DeWine noted the state’s ongoing issues with finding a pharmaceutical company willing to sell drugs for use in executions. The governor repeated his concern that if companies find that Ohio used its drugs to put people to death, they will refuse to sell any of its drugs (not just the ones used in executions) to the state.  That would endanger the ability of thousands of Ohioans — such as Medicaid recipients, state troopers, and prison inmates — to get drugs through state programs. “We are in a very difficult situation,” DeWine said Friday.

The governor didn’t say how long he might delay the execution date for Hanna, a Warren County resident who fatally stabbed a cellmate with a paintbrush handle in 1997.  If Hanna’s execution date is pushed back, the next death-row inmate set to die is Kareem M. Jackson on Jan. 16, 2020.  Jackson was initially scheduled to be put to death in July, but earlier this year DeWine moved back the execution dates for Jackson and two other condemned inmates.

Late last month, the governor moved back the execution date of murderer Cleveland Jackson from Nov. 13 to Jan. 13, 2021 after the Ohio Supreme Court’s disciplinary arm filed a complaint alleging that his lawyers abandoned him.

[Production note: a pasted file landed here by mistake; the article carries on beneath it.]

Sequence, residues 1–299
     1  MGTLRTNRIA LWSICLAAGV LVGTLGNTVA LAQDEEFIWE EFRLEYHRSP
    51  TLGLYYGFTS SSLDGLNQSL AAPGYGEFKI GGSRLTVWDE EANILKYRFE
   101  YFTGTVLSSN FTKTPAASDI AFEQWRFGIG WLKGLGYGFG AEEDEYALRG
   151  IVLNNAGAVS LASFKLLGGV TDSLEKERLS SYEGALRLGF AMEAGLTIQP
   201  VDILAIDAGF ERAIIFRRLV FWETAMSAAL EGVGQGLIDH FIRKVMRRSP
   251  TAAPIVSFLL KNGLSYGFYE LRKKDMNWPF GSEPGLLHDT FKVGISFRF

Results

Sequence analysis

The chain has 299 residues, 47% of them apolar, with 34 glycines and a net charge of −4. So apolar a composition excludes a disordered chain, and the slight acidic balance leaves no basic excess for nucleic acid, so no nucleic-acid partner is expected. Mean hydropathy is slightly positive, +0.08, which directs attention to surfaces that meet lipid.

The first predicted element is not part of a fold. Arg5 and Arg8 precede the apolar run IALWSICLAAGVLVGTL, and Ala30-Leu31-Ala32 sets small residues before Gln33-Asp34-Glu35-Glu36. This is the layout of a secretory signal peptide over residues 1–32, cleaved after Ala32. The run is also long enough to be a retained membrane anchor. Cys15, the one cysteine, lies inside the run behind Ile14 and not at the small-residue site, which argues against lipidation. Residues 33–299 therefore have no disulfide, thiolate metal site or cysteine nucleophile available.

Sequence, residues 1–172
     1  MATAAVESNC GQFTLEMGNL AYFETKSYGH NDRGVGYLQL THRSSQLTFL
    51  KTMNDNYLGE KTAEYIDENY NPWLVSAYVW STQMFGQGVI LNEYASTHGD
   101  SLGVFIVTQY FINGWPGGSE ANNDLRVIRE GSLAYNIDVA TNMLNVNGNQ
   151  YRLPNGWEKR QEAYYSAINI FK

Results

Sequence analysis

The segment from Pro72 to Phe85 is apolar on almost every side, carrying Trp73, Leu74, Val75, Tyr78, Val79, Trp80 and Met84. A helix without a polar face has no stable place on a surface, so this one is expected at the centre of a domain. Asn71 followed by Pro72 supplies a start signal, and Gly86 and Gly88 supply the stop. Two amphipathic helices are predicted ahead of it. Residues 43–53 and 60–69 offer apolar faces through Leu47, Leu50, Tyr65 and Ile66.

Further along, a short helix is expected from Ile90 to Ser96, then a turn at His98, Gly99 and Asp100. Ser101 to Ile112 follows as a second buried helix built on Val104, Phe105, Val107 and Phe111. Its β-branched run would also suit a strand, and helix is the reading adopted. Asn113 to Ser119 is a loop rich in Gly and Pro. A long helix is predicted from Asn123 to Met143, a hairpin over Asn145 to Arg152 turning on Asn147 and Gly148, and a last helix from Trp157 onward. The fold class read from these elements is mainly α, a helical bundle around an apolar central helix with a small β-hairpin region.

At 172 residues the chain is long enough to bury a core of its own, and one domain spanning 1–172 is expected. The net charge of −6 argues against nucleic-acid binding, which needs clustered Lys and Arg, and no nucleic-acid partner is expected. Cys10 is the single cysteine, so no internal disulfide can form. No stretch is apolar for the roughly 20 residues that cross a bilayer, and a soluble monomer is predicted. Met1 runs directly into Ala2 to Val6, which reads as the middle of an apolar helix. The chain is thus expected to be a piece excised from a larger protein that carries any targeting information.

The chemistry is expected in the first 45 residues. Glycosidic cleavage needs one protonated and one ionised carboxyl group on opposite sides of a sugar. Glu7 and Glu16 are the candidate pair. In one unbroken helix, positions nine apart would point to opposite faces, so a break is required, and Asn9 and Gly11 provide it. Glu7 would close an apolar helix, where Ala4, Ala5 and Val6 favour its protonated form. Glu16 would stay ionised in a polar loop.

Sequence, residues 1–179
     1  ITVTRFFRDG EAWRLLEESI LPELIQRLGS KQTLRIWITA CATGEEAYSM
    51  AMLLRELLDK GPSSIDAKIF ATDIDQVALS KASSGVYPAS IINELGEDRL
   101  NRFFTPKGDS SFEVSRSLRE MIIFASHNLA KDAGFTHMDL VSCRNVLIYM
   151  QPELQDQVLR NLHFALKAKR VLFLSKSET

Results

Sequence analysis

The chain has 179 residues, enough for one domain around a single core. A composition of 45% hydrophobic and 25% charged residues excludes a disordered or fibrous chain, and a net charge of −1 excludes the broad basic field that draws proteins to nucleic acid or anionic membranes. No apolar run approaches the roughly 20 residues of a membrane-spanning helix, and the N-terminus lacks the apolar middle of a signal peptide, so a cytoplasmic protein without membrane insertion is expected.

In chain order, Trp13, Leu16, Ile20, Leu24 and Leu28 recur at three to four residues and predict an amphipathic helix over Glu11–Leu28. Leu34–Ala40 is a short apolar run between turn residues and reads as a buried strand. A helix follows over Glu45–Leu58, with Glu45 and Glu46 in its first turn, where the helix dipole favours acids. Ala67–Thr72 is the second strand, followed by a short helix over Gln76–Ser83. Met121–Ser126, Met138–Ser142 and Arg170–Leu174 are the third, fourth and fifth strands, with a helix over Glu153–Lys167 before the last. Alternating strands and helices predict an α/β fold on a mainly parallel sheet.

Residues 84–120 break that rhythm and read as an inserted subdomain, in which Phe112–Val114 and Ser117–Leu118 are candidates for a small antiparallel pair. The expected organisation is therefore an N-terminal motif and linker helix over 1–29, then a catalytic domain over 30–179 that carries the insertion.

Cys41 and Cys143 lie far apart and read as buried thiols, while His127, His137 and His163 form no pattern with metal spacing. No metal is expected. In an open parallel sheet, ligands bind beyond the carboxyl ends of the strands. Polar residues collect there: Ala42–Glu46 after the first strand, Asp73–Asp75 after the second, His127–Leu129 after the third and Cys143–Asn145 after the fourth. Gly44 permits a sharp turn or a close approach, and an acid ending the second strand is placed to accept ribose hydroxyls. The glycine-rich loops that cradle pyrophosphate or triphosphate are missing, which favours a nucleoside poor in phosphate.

Since taking office in January, DeWine has moved back a number of scheduled executions amid a years-long struggle by Ohio officials to find new lethal-injection drugs as European pharmaceutical companies have cut off further sales of previously used drugs on moral and legal grounds.

After the controversial execution of killer Dennis McGuire in January 2014, Ohio imposed a three-year moratorium on executions as it worked to find a new lethal-injection protocol — and suppliers willing to sell the state the drugs.

Since the moratorium was lifted in 2017, Ohio has executed three people using the current three-drug cocktail — all without complications or unexpected problems with the drugs. (The execution of a fourth condemned inmate, Alva Campbell, was postponed after several unsuccessful attempts to insert an IV. Campbell died in his cell a few months later).

However, last January, federal magistrate Judge Michael Merz ruled that the three drugs Ohio has used since last year for executions — midazolam (as a sedative), a paralytic drug, and potassium chloride (to stop the heart) — likely violate the U.S. Constitution’s Eighth Amendment guarantee against “cruel and unusual punishment.”  While an appeals court later overruled Merz’s conclusion, the ruling led DeWine to order state prisons officials to look at other lethal-injection drugs.  The governor has even suggested that state lawmakers consider abandoning the lethal-injection process altogether and pick another method of execution.

This story has me thinking of the old phrase "Where there's a will, there's a way." In this context, though, the parallel force seems to be in play. I sense many Ohio official really do not have much of a will to move forward with executions, and thus it seems they keep struggling to find a way to do so.

A few (of many) prior recent related posts:

October 25, 2019 in Baze and Glossip lethal injection cases, Clemency and Pardons, Death Penalty Reforms, Procedure and Proof at Sentencing, Who Sentences | Permalink | Comments (1)